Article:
This is my best ever vanilla American buttercream frosting. It has a beautiful fluffy consistency and it’s super quick and easy to make, using only basic ingredients.
Not only is the consistency great, but this classic frosting has the perfect vanilla flavor to pair with all of your sweet treats! It goes great onto birthday cakes as well as cupcakes, cake pops, cookies, macarons and brownies.
🧁 What is American buttercream?
American buttercream is a classic frosting made of beaten butter and powdered sugar. Typically, cream or milk and flavourings, such as vanilla extract or cocoa powder, are also added.
This frosting is known to be quite sweet and is easy to make. It’s often used to decorate cupcakes and cakes.
Other types of buttercream
There are quite a few different kinds of buttercream frosting. Other than the classic American style, there’s also Swiss meringue buttercream (uses heated egg whites and sugar), Italian meringue buttercream (uses egg whites and hot sugar syrup), French buttercream (uses egg yolks) and German buttercream (custard buttercream), amongst a few other less common types.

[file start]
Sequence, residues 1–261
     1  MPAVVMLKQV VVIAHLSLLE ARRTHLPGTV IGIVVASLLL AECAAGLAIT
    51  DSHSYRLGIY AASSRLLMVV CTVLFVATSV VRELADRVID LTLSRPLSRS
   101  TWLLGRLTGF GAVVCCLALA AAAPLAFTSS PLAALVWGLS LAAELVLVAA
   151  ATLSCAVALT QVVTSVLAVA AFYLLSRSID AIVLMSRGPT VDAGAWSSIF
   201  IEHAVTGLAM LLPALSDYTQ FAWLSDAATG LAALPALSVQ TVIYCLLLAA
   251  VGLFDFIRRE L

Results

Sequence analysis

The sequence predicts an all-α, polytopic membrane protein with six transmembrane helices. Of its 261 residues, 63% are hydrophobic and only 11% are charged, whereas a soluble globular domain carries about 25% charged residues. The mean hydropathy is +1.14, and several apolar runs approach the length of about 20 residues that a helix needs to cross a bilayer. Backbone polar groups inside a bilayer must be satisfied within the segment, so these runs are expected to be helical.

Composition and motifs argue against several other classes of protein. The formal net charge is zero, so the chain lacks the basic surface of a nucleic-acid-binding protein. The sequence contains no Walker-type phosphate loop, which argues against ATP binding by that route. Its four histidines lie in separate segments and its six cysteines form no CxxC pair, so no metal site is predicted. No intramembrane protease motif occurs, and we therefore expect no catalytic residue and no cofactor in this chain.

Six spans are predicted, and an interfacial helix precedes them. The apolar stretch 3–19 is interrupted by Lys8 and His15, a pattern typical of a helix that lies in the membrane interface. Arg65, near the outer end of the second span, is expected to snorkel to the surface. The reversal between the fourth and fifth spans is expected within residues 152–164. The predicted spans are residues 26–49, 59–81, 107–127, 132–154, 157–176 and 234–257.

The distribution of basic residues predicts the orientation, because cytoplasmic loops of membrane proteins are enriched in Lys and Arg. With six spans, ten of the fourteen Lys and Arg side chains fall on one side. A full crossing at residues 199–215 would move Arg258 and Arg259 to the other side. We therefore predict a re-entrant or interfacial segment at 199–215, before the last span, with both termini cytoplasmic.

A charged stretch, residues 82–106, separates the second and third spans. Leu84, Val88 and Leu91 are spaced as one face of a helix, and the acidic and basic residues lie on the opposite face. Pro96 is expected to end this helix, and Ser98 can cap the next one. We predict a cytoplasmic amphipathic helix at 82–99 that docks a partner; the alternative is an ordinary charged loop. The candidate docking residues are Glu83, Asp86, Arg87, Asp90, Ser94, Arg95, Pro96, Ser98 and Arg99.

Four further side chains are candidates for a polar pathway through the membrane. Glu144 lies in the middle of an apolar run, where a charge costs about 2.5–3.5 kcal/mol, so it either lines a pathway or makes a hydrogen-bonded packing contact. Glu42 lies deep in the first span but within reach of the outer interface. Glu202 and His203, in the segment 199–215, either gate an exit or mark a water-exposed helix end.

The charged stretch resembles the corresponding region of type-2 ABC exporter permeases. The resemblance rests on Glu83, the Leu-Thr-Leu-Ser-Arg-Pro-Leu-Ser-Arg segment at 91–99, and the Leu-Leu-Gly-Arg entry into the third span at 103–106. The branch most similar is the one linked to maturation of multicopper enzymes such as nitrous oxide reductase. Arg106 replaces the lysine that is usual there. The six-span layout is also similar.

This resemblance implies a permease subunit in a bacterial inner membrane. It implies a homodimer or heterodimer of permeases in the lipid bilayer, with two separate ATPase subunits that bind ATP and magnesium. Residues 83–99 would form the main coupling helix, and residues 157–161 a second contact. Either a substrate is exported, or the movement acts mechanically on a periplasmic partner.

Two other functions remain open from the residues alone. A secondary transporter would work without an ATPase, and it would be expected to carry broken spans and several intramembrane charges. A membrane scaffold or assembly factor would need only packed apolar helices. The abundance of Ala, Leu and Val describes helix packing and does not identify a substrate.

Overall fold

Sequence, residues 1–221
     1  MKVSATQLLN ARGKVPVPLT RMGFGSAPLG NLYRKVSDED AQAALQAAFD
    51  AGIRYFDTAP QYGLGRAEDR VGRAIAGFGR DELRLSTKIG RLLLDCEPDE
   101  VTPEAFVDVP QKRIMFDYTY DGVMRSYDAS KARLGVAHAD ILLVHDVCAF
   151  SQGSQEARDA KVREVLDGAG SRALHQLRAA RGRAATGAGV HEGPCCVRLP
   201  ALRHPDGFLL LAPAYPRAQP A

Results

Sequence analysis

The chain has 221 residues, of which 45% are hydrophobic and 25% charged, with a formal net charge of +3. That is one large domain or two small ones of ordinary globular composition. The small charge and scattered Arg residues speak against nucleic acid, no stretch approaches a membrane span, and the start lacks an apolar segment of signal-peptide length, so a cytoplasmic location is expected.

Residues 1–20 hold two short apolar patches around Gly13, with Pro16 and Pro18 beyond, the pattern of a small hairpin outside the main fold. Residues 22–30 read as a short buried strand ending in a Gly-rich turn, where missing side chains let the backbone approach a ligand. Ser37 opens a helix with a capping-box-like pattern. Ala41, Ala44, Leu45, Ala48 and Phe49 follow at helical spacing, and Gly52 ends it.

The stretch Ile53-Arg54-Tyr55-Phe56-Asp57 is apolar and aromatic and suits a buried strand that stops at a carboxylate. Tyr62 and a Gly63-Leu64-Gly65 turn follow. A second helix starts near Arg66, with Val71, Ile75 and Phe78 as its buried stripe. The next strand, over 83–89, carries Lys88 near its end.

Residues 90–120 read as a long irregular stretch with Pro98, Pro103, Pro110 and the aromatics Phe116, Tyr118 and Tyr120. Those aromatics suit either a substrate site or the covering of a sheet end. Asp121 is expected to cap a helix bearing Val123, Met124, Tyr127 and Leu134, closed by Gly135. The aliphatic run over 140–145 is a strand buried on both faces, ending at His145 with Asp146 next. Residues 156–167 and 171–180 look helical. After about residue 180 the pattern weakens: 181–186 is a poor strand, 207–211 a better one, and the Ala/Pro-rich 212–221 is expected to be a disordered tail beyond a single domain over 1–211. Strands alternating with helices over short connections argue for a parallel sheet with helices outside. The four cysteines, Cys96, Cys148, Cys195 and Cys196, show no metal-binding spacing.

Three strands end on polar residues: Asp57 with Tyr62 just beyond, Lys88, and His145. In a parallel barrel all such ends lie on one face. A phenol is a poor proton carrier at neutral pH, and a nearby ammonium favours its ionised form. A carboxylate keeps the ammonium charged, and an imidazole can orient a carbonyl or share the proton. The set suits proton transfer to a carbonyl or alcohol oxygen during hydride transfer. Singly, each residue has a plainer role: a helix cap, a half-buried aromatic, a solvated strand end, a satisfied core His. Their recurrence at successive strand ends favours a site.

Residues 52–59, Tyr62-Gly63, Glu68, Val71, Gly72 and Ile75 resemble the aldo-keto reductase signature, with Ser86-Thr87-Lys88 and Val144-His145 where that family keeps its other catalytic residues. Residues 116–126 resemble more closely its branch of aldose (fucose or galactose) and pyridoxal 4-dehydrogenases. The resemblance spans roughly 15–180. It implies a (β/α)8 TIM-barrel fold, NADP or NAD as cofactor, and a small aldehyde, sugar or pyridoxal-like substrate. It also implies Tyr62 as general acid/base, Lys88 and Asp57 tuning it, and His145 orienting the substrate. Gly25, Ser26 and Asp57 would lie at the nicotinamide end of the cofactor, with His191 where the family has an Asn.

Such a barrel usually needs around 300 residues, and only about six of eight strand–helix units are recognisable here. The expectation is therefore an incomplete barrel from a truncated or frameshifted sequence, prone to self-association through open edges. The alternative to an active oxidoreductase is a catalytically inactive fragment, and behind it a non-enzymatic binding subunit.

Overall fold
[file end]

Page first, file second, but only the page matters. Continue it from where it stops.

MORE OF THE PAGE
Typically, most home bakers prefer American buttercream, also called classic buttercream, as it is the easiest type to make. It uses very few ingredients and there’s no need to cook any parts of it, making it really quick and easy to make.
A lot of professional bakers prefer Swiss meringue or Italian meringue buttercreams, however, as they tend to be less sweet, more stable and silky smooth compared to American buttercream.
✏️ Making a tasty and easy recipe
American buttercream is the simplest of buttercreams to make, and I wanted to share an easy American buttercream frosting recipe that works on all cakes and cupcakes, as well as for filling sandwich cookies, topping sugar cookies, frosting brownies, etc.